Adding support for the Gemini protocol to my blogOctober 13, 2021
After seeing support for the Gemini protocol grow over the last year or so, I decided to add support for it to my little micro-blog. This post is quick overview of how I migrated my old server from HTTP-only to a HTTP/Gemini hybrid server, both served over the same port!
The code for the server itself is only ~200 LoC if you'd prefer to just read that.
Previously my blog was a simple static site generator that takes markdown formatted posts organised in a structured file system (this determines the URL path of each post), parses them to HTML and then serves them out. It's written in Python and has few dependencies. The only HTTP method supported is GET with the routing and request handling done with Starlette. The handy python library Python-Markdown handles the Markdown-HTML conversion and Jinja does a small amount of templating to render the posts into a basic layout. All up it's <400 LoC and runs on a small home server tucked inside a cupboard in my house.
I like that the code driving this blog is simple. It's easy to modify if I want to add support for something (which I generally don't), but mostly it just gets out of my way. I wanted to keep that simplicity when adding a new protocol.
It turns out a GET-only HTTP server is just about Gemini-ready, aside from the protocol differences of course. Gemini is a simple protocol, but HTTP (1.1) is too (as long as you don't support most of the optional stuff, anyway). I ended up ditching Starlette and writing my own request/response parser for both HTTP and Gemini, with a simple Python socket server to handle connections. This was actually a lot easier than I anticipated. Each protocol is plaintext, with an easily distinguishable header (or start-) line that I use to detect the request type and parse it accordingly. The only part of the request I care about is the URL path - the rest of the request data is discarded.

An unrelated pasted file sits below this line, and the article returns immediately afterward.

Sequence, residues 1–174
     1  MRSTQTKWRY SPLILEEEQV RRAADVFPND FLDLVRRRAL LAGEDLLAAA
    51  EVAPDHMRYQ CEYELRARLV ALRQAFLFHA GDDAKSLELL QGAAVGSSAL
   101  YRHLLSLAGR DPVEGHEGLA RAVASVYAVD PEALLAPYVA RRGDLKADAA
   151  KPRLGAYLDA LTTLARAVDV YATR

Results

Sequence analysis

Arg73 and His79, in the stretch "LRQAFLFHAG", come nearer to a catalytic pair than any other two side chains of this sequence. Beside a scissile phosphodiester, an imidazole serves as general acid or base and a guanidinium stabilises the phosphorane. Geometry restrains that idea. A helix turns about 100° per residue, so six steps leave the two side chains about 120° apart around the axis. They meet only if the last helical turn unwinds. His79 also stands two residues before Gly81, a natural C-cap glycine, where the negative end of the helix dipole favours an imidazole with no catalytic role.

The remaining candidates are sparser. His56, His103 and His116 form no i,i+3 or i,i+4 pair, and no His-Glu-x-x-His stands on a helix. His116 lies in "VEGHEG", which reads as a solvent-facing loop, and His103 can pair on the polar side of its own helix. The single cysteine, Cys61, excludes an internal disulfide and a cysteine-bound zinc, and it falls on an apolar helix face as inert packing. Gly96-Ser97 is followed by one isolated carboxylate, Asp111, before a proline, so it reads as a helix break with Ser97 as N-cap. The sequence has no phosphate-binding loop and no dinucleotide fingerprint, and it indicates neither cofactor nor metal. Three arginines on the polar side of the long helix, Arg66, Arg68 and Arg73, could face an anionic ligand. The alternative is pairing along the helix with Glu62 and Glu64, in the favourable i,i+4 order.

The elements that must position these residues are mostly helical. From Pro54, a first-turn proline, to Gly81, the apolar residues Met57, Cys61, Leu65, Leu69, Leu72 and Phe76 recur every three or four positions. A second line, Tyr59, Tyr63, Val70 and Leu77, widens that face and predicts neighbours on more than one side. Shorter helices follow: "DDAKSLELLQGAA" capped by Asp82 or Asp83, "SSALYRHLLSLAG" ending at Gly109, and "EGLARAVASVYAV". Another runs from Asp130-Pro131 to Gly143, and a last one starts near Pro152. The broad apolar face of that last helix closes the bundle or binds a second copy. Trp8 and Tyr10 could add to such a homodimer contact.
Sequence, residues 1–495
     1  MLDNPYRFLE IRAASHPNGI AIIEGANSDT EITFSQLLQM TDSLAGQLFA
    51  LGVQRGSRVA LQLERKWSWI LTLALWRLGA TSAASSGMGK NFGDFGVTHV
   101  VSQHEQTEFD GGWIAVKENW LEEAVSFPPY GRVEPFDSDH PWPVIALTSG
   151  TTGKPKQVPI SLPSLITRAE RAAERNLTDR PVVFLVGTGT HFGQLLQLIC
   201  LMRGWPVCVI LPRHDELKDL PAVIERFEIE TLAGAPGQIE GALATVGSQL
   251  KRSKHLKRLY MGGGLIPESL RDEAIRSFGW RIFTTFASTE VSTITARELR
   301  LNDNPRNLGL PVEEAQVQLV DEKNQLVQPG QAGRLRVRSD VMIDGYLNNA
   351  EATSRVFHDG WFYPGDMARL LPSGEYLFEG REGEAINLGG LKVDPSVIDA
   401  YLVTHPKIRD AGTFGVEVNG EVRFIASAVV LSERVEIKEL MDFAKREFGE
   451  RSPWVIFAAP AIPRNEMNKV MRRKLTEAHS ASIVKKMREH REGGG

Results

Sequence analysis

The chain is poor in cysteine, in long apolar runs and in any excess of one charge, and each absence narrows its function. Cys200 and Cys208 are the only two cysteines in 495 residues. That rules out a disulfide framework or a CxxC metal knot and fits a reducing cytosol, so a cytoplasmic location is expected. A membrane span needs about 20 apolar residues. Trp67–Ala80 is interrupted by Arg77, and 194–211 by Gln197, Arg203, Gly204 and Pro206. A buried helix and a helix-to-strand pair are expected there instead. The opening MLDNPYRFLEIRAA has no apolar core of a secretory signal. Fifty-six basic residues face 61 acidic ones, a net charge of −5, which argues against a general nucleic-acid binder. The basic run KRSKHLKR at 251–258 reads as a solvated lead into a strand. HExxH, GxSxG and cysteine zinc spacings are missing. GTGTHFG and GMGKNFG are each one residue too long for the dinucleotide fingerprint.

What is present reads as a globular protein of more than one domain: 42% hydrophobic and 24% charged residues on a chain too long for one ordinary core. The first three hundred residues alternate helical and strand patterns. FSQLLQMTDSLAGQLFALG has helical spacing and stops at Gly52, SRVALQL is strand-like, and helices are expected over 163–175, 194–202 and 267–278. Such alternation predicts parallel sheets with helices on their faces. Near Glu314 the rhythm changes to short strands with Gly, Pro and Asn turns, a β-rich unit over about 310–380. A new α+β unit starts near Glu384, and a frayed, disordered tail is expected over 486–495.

With a request parsed and path extracted, the rest of the internal logic like routing and handlers is the same between Gemini/HTTP. When it's time to send back a response the code formats it into the same type as the request. And done.
The python package md2gemini does a great job of parsing the markdown posts into
A final little note on deployment - in Gemini TLS is part of the protocol and there is no "unsecure" version like for HTTP vs. HTTPS. It was easy enough to add TLS/HTTPS support to my little server, however my production deployment uses an Nginx proxy to handle TLS-termination and servers underneath know nothing of the certificates, etc. So the Gemini server actually runs in a non-standard "unsecured" mode.